Are more Jewish specialty camps on the horizon

Building on the success of specialty Jewish camps that opened two years ago, the Foundation for Jewish Camp announced in March that it is launching a second specialty camps incubator. Made possible by an $8.6 million grant jointly funded by the Jim Joseph Foundation and Avi Chai Foundation, the second cycle will launch four new nonprofit Jewish overnight camps dedicated to a specific skill or area of interest, while introducing and integrating Jewish culture.

“The five camps that opened in summer 2010 as a result of the first Specialty Camps Incubator are a notable success,” said Al Levitt, board president of the S.F.-based Jim Joseph Foundation. “They exceeded their enrollment benchmarks by 146 percent in the first two years. They provided a new path to Jewish camp for many children: 40 percent of campers who attended reported that they had never attended Jewish camp before and 66 percent said that they only went to Jewish camp because they were attracted to one of the specialties.” 

Kids go rafting with Camp Ramah Outdoor Adventure. photo/courtesy of camp ramah

Additionally, 74 percent of campers’ parents reported that the experience positively impacted their Jewish identity and 65 percent testified to positive changes in campers’ Jewish knowledge, further aligning the successes of the program with the missions of all three foundations.

The incubator successfully established new business models for Jewish camps by not requiring burdensome capital investment, since the camps are required to use existing properties. It also created a forum to pilot new educational models by integrating Jewish learning with activities that kids are passionate about: the environment, performing arts, sports and outdoor adventure. More than 1,000 children have attended the five new camps to date, with 1,200 projected to enroll for summer 2012.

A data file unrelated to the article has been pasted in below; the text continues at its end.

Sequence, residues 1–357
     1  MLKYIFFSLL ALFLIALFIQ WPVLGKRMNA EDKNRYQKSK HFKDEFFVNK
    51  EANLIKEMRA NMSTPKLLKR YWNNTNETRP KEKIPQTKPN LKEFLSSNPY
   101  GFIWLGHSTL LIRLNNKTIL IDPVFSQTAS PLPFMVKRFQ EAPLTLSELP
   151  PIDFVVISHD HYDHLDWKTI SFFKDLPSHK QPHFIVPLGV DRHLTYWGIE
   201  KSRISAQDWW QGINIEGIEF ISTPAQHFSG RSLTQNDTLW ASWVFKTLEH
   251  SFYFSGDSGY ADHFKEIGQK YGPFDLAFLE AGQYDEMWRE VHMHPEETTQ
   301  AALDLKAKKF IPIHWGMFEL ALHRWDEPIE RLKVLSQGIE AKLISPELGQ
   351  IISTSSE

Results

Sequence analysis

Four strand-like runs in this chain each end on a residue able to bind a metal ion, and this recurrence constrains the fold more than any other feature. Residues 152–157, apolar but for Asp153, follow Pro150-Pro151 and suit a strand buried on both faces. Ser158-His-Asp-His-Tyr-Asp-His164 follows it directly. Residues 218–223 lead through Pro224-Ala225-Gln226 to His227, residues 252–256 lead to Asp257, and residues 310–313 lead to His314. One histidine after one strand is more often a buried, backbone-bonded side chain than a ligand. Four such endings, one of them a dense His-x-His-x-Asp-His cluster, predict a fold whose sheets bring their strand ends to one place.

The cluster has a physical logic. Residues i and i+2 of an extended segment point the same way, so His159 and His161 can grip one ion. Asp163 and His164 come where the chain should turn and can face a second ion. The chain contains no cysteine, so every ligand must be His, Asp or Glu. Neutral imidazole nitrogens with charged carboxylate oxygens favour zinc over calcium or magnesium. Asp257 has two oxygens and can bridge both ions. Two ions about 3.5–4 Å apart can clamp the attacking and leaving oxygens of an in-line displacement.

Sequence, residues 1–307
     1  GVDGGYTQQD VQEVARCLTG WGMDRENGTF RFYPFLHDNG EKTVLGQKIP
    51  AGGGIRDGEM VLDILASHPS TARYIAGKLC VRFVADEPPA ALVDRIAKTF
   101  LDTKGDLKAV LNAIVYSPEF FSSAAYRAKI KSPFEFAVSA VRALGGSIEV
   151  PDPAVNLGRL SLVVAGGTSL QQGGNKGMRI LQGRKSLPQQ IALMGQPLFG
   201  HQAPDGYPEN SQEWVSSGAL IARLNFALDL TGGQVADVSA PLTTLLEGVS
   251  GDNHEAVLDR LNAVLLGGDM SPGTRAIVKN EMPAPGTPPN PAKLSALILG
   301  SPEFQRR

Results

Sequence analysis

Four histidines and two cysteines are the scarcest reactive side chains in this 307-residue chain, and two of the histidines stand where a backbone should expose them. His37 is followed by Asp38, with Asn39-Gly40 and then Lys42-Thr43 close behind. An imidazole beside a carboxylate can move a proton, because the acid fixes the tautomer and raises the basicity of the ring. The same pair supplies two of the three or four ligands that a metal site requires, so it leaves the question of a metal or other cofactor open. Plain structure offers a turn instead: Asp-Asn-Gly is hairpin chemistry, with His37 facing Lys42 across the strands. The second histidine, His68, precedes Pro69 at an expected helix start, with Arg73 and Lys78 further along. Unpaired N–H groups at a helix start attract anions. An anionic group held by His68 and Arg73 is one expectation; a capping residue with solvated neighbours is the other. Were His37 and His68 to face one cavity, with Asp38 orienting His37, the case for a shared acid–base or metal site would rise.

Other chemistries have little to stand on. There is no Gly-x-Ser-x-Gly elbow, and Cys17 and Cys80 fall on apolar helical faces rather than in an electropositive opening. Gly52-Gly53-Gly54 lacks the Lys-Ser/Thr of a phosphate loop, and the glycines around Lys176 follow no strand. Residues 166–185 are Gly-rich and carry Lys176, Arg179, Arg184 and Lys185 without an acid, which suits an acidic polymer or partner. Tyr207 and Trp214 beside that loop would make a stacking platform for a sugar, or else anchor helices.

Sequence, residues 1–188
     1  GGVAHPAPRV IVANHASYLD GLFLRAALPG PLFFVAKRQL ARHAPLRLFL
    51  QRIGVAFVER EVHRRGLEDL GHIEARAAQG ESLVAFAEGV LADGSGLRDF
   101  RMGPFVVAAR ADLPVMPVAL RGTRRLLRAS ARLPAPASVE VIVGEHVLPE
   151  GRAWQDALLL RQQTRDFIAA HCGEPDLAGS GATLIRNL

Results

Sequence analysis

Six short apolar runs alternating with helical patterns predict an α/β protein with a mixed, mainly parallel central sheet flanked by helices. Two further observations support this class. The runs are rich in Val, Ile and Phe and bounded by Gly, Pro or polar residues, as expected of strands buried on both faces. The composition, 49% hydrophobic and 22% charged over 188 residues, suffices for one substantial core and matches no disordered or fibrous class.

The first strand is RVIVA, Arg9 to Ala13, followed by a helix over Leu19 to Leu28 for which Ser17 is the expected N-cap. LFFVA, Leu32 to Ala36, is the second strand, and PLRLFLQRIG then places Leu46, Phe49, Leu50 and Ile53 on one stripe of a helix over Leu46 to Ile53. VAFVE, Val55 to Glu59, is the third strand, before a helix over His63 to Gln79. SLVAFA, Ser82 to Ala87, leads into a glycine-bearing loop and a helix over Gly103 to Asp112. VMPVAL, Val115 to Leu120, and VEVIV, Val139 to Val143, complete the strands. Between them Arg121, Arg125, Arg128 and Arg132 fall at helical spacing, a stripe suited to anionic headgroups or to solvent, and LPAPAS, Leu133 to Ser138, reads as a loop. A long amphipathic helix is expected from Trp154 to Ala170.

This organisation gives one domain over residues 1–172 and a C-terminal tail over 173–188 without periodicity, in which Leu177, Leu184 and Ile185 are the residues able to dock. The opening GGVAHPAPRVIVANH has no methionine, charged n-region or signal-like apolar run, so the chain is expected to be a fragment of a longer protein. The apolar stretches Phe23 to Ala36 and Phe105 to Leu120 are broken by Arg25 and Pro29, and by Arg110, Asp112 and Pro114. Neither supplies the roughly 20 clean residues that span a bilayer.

“Specialty camps continue to gain in popularity,” said Levitt. “The goal of Incubator II is to continue the momentum, take what was learned from the first cohort and launch four new specialty camps with innovative ideas in underserved areas that incorporate experiential Jewish learning along with excellence in programming.”

According to the Cohen Center at Brandeis University, 10 percent of Jewish children attend a Jewish summer camp.  The Specialty Camps Incubator aims to attract sixth- to 12th-graders who fall in the other 90 percent.

“Many camp-aged children were missing out on the transformative summers at Jewish camp because they wanted to spend their vacation honing a skill or developing a hobby,” said CEO Jeremy J. Fingerman of the Foundation for Jewish Camp. “The Specialty Camps Incubator allows for these kids to have both experiences in one setting.”

The CFO put out a call in late March for letters of intent.

In related news, the National Ramah Commission announced in April that it had received a challenge grant providing up to $1 million for needed capital expenditures at Ramah in the Rockies, site of its newest camp, Ramah Outdoor Adventure, in Colorado. The camp was created through the FJC’s first Specialty Camp Incubator.

The challenge grant was awarded to Ramah by an anonymous donor, and is the lead gift in a new capital campaign of Ramah in the Rockies to expand capacity to meet growing demand.